About a month ago I discovered a site called Memrise.com. They are a new startup with a different spin on practicing vocabulary words. It is the brainchild of Greg Detre, a PhD neuroscientist from Princeton, and Ed Cooke, a Grandmaster of Memory.
This mix of these two great minds is clearly evident in how the system is setup. This isn’t your typical drill them until you drop way of practicing. It is well thought out and just generally a fun system to use. If they get an iPhone app, I might just quit Anki cold turkey.
So, let’s take a quick tour of what Memrise is all about. First off, deck selection:
Selecting a Deck in Memrise
You’ll notice at the time of this writing, there are only two featured languages on Memrise.com, Chinese and English. They are currently working hard to change that by working to implement some new features that are needed for Japanese. In the meantime though you can still practice Japanese vocabulary, which just so happens to be the category with the second most number of words Hurrah!
It’s my dream to some day surpass French. If everyone contributes a word, we can do it!
After clicking Japanese, you’ll go to a sub-menu with several different kinds of decks. Currently there are a few unofficial wordlists for the different levels of the JLPT here. Although these decks are added (and edited) by users, they are generally pretty reliable and contain the standard vocabulary that you see in most of the JLPT wordlists floating around the net.
After selecting a deck to study, you’ll be sent off to your garden area, where you’ll have some seeds to plant. Seeds are new words that you haven’t learned yet. With memrise.com when you first learn a word, you ‘plant’ the word in your garden. After the seed has been growing awhile (usually at least 4 hours) you can then harvest the whole plant. Once it is harvested you’ll have to water it from time to time to keep it from wilting.
This is a clever disguise for another concept you might be familiar with, Spaced Repetition Systems or SRS. The difference here though is that it has been built into a game, so that it suddenly becomes a whole lot more addictive.
Another cool feature of Memrise is that they will email you reminders to come back and water your plants to keep them from dying. This makes it so much more helpful and interactive then some other systems.
Once you’ve selected a deck, you need to practice it or ‘plant the seeds’.
Practicing Vocabulary Cards in Memrise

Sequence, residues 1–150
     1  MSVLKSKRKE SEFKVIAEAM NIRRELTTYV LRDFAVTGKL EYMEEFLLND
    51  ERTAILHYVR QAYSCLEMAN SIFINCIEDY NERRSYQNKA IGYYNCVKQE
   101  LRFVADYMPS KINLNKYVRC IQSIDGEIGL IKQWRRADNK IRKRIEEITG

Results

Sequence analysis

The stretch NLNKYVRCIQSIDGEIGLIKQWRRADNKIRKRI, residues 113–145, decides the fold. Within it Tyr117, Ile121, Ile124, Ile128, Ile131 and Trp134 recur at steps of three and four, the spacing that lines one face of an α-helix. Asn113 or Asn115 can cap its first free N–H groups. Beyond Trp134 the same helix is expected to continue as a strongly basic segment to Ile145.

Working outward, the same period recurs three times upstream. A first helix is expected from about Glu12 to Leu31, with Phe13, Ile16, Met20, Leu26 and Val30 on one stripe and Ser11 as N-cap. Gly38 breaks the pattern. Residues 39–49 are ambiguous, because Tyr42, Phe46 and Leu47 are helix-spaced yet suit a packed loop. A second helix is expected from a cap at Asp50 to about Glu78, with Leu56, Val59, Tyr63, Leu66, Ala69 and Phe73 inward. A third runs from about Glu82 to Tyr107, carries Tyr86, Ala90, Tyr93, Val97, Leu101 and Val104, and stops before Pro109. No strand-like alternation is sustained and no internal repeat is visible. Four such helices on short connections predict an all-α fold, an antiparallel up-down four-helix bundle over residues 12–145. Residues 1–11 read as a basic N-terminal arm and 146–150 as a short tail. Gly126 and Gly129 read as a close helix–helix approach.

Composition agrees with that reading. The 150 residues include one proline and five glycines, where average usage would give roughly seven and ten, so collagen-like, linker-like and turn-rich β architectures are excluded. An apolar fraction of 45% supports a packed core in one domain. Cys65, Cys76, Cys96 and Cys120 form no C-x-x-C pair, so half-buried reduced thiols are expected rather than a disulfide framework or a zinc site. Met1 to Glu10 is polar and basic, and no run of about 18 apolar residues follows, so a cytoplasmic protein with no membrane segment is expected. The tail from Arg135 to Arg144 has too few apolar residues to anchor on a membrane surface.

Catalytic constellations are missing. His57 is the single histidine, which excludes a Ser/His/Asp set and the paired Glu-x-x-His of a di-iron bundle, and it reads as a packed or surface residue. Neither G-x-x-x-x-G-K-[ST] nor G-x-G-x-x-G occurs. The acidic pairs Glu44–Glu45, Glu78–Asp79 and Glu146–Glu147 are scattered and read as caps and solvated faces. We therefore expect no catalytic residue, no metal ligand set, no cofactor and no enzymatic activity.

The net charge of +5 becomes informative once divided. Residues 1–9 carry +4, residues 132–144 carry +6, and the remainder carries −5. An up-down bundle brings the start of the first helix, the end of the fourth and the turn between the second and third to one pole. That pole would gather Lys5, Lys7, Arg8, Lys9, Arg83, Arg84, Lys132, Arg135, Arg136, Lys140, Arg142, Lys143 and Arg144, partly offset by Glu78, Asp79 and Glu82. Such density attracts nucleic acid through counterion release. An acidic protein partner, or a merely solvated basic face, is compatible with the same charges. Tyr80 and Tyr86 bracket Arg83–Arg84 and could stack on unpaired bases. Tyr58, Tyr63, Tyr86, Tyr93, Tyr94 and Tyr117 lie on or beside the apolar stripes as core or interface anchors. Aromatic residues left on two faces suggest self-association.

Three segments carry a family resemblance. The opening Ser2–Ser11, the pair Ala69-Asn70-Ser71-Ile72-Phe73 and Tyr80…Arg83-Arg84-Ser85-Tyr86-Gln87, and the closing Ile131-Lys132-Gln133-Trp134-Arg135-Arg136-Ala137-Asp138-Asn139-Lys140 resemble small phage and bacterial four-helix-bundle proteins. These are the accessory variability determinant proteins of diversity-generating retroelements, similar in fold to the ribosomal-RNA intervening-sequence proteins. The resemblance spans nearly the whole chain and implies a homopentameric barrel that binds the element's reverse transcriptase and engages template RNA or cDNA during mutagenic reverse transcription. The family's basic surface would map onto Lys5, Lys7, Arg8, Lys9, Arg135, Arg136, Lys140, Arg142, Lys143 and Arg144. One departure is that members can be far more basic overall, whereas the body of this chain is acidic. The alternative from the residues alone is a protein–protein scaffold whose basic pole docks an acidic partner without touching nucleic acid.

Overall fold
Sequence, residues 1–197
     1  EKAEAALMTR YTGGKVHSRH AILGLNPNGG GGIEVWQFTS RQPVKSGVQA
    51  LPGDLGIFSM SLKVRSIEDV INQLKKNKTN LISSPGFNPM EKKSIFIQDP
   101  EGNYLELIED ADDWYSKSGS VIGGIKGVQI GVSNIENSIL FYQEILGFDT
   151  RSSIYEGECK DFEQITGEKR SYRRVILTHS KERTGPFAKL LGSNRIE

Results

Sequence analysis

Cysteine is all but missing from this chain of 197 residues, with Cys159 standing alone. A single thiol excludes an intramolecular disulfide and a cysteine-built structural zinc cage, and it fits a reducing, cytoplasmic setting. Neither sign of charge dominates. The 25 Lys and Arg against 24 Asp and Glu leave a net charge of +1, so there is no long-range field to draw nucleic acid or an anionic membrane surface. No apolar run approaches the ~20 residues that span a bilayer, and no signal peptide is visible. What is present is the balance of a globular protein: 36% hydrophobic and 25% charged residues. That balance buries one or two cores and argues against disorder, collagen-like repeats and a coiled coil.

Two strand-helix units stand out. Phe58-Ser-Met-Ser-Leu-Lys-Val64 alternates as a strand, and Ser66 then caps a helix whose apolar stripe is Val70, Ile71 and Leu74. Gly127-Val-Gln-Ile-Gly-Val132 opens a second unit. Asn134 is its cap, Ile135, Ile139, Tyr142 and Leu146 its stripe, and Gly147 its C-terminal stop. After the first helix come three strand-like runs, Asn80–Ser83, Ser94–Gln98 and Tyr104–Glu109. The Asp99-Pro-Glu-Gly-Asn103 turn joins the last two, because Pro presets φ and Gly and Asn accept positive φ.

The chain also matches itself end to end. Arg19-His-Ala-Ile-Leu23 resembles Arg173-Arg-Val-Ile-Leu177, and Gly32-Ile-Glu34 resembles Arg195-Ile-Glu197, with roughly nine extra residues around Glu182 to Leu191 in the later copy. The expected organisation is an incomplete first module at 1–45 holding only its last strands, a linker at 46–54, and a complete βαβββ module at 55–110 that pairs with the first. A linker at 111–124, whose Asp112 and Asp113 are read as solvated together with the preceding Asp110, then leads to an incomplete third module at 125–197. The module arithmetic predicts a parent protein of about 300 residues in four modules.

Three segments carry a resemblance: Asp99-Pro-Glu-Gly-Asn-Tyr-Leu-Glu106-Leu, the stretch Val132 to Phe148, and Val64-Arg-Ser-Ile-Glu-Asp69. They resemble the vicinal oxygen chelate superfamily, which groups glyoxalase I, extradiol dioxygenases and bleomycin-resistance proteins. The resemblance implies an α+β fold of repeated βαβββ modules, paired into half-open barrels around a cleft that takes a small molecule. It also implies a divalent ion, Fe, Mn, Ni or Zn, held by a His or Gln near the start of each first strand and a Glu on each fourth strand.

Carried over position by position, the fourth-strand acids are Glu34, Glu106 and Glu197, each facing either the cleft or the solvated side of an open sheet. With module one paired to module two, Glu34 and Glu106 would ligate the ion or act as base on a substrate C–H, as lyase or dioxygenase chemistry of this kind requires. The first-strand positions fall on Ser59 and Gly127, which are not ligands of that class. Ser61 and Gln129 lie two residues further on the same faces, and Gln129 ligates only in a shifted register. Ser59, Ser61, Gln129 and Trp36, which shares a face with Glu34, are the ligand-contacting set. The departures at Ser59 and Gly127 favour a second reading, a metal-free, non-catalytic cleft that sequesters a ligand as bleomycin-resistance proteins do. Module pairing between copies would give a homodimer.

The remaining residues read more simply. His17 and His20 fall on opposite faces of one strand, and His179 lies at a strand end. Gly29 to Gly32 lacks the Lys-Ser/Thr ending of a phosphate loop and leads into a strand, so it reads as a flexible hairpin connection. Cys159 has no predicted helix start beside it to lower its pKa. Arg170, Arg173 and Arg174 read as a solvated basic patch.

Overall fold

By clicking on the ‘plant now’ button, you’ll be whisked away to drilling mode. Here new words will first be shown to you with the Japanese and English. There is also a section for mems. Mems are devices that help you to remember the word.
There are currently 4 types of mems: mnemonic, sample, etymology, and pronunciation. Here you can add text, pictures, as well as embed links to other resources such as videos. This is apart of the memrise system to help connect the word in your brain in every way possible.
There is also a handy stats bar off to the left that keeps track of all your stats for that particular session. You can also see your total rank in the system. I’m currently trying my best to stay in the top 1000. It can be a little difficult to stay there though.
The stats bar also keeps track of how many words you have seen this session. A typical session of drilling includes about 7 words to learn. The bar above the words seen stat is your progress through the current session. Below words seen, you can see how many points you’ve earned. You currently get 20 points every time you answer a multiple choice question correctly and 50 points for every type-in answer you get perfect. You get partial points for a type-in question if you misspell the word slightly.
After you’ve completed your first session you’ll be whisked off to a tally screen that tells you how many points you scored as well as lets you know how much time you have before you can harvest your new words. As you can see, I’ve been neglecting my garden of late. I need to do some watering!
The Future of Memrise
Memrise is still in its early days, but it is a powerful way to practice vocabulary and kanji. They are constantly improving the system, and pretty soon will be adding some more Japanese specific features like separate fields for kana and kanji. That way you can practice either typing in just kanji or just kana (currently some decks require you to type in both).
I’ve been speaking with the folks at Memrise, and I’ll be helping to contribute to the site over the next few months. If you’d like to see something added to the site or changed, I’d love to hear about it. I’d especially like to hear what kind of decks you’d like to see.
Over the coming months, I’ll be contributing featured decks that correspond to the different JLPT levels. The first one is currently available at http://www.memrise.com/set/10002844/n5-vocab-list/. Currently this deck is a bit buggy, because they are testing it and implementing new features. However, I encourage you to stop by the site and give it try. The people at Memrise are really interested in getting some feedback on how the deck looks. So, if you’d like to see something added, be sure to leave some feedback at their site (in the handy feedback window at the bottom of the garden) or leave me a comment and I’ll pass it on.
Put it to Work
Are you practicing vocabulary? Get on over to Memrise and see how you like it. Let me know your thoughts about it in the comments below.
P.S. Do you love vocabulary? Great! Join my newsletter and learn more ways to learn vocabulary.